Blue Water Seafood Company’s expansive menu satisfies the deepest desires of seafaring appetites. Appetizers such as oysters on the half shell ($16/dozen) launch the stomach on a seafaring journey, continued by jumbo lump crab cakes ($17 lunch; $23 dinner) and fried clam strips ($15 lunch; $18 dinner). Blue Water's live Maine lobster ($26/lb., dinner only) is steamed and served with roasted potatoes and fresh vegetables upon order, bringing forth celestial flavors from the abyssopelagic depths. The maritime menu is bordered by an assortment of terra firma tasties including lemon chicken with artichoke hearts and crispy garlic ($14 lunch; $18 dinner) and New Zealand lamb chops ($35, dinner only).
When it comes to Italian food, the culinary team at Cafe 34 Bistro draws equally from tradition and its own creativity. From seasoning housemade gnocchi with ground beef to tossing fettuccine with bacon-wrapped scallions and creamy wild-mushroom sauce, the cooks prove they have classic Italian flavors mastered. On the flip side, they lend fried calamari an extra zest by tossing the rings in mandarin-orange sauce. Cafe 34's culinary wizards likewise expand the flavorful potential of the burger by crowning beef patties with Cajun seasoning and mango-crabmeat salsa.
An extensive selection of wine by the glass and bottle, as well as cocktails, such as chocolate martinis, complements Cafe 34's edibles. Meals, in turn, complement the cafe's entertainment lineup, which bounces between flat-screen TVs showing the night's biggest games and live music performed three nights a week.
Jutting out over the salty waters of Raritan Bay, Jakeabob's Bay furnishes diners with picturesque views to accompany a menu of classic American and maritime fare. Tantalize taste buds with an appetizer of fried calamari with marinara sauce ($12) and bypass cumbersome cutlery with dishes such as the fried-tilapia fish taco served in a soft tortilla shell with pineapple chili ($12) or the fried-sea-scallop-and-wasabi-mayo sandwich ($11). Daily specials add variety to the standard menu with such variables as the lobster dinner ($17)—a steamy crustacean served whole, complete with its lobster bowtie. As they take in their nautical cuisine, diners catch between-bite views of the New York skyline and invigorating breaths of Atlantic wind.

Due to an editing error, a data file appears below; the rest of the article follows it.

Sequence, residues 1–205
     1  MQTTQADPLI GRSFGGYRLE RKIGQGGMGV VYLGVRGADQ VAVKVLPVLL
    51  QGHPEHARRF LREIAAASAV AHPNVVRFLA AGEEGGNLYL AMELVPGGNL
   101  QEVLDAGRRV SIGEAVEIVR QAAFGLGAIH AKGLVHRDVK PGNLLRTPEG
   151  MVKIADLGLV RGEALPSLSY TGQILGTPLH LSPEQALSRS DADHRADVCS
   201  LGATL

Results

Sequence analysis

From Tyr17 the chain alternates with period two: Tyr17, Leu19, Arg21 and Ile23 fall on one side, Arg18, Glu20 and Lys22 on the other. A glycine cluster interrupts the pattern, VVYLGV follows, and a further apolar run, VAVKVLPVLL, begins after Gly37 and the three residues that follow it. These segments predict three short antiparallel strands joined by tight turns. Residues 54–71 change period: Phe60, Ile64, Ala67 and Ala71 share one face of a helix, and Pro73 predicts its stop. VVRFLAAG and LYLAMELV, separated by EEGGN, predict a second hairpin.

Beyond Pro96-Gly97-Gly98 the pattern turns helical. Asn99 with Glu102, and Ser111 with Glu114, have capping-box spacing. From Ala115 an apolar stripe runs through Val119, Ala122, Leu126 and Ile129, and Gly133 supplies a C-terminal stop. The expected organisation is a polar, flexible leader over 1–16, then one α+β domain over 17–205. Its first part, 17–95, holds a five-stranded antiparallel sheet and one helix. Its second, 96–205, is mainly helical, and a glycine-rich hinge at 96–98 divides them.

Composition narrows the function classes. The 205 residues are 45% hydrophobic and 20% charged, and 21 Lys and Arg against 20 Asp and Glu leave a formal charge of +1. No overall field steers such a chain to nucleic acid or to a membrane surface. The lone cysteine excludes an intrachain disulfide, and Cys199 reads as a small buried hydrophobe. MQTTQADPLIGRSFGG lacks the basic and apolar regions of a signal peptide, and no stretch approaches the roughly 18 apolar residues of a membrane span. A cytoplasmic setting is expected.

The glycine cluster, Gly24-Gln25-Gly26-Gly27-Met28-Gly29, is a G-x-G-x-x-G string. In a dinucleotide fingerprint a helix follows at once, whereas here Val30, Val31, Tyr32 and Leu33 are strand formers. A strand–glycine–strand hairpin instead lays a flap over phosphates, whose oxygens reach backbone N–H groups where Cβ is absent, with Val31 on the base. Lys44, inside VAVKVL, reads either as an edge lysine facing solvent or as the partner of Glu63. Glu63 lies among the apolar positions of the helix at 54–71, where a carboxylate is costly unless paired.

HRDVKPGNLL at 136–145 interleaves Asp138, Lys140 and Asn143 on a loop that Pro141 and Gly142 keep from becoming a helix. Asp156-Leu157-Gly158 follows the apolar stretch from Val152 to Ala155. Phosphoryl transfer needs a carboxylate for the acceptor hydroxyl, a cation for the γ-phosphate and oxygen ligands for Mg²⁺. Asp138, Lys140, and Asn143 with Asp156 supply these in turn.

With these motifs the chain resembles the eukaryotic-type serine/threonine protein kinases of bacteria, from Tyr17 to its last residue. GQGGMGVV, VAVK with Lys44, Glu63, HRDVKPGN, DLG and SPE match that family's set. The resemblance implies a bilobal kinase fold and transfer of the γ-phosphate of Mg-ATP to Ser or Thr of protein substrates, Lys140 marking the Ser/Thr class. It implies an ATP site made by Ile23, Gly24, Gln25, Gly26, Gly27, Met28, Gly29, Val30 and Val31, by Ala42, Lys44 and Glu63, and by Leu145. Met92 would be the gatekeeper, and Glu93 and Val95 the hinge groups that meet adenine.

Located within Rutgers University’s Jane Voorhees Zimmerli Art Museum, Café Z’s chef and American Culinary Federation member Bruno Pascale crafts, stirs, and presses paninis, soups, and sandwiches for students and culinary connoisseurs alike. The restaurateur constantly crafts new paninis from recipes devised within the easy-bake oven of his mind, blending fresh ingredients such as ham and brie, or portobello, pepper, and mozzarella with thinly sliced bread for pleasing midday meals. Or embark on an epicurean expedition through Café Z’s menu of ever-changing entrees.
The Old Bay Restaurant takes diners on a savory sojourn to New Orleans with a menu of Cajun cuisine served in a Mardi Gras-inspired atmosphere. Commence the evening by munching on gator balls—a blend of alligator tail meat, pork, and seasonings rolled into mini meatballs, and simmered in a fiery sauce piquant ($9)—or the boneless chicken, tasso ham, andouille sausage jambalaya ($14). To unmeat any meal, the chefs also combine roasted eggplant, yellow squash, zucchini, red bell peppers, and pesto sauce in order to fortify the flavors of the vegetable Napoleon evangelia ($15).